Murray wrote, “Margaret Sanger spearheaded the birth control movement and, in the 1920s and 1930s, cited eugenics theory to expand contraceptive access. However, Sanger did not favor abortion, which she viewed as distasteful” (emphasis added).

This is only partly true.

It is well documented that Planned Parenthood’s founder was an avowed eugenicist who even accepted an invitation to speak to the Ku Klux Klan, something Sanger described in her autobiography. She held such a strong belief in eugenics that she embedded eugenics proponents deeply within her organization. The organizations Sanger founded (the American Birth Control League and Planned Parenthood) both have ties to eugenics proponents.

In 1919, Sanger admitted, “Before eugenists and others who are laboring for racial betterment can succeed, they must first clear the way for Birth Control….” Then, in 1921, Sanger proclaimed that “the campaign for birth control is not merely of eugenic value, but is practically identical in ideal with the final aim of eugenics.” (emphasis added)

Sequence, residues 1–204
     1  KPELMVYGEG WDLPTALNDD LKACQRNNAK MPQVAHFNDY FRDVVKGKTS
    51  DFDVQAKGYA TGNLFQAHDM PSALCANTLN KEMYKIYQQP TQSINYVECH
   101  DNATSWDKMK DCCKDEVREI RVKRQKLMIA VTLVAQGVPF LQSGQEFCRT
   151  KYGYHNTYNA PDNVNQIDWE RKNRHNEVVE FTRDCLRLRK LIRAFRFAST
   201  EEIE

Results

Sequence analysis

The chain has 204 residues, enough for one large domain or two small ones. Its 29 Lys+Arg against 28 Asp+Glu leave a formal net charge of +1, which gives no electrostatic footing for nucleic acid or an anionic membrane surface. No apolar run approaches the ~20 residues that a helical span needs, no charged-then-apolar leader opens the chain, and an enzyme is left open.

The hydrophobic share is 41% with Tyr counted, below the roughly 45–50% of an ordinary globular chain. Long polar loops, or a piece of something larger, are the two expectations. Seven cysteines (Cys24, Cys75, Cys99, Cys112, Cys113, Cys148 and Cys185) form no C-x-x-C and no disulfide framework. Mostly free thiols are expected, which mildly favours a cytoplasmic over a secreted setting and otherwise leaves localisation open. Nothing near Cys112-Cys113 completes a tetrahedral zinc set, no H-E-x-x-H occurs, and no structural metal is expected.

In 1938, Sanger set up a “Committee on Planned Parenthood.” Her eugenic philosophy not only fed her work within Planned Parenthood and the birth control movement, but also her lesser known advocacy of euthanasia. She was more than just a passive observer where eugenics was concerned; she was a member of the American Eugenics Society and tried to unite her efforts and her publication with the eugenics movement.

But Murray is correct on one point: while Sanger preferred eugenic sterilization, she was not an outspoken advocate of abortion. Sanger, a nurse by trade, had witnessed the horrors of illegal abortion, and her opposition to abortion was due in part to the risks it posed to women’s lives. However, Sanger was not necessarily opposed to abortion, but instead focused on eugenic sterilization and birth control, which she saw as more effective at that time.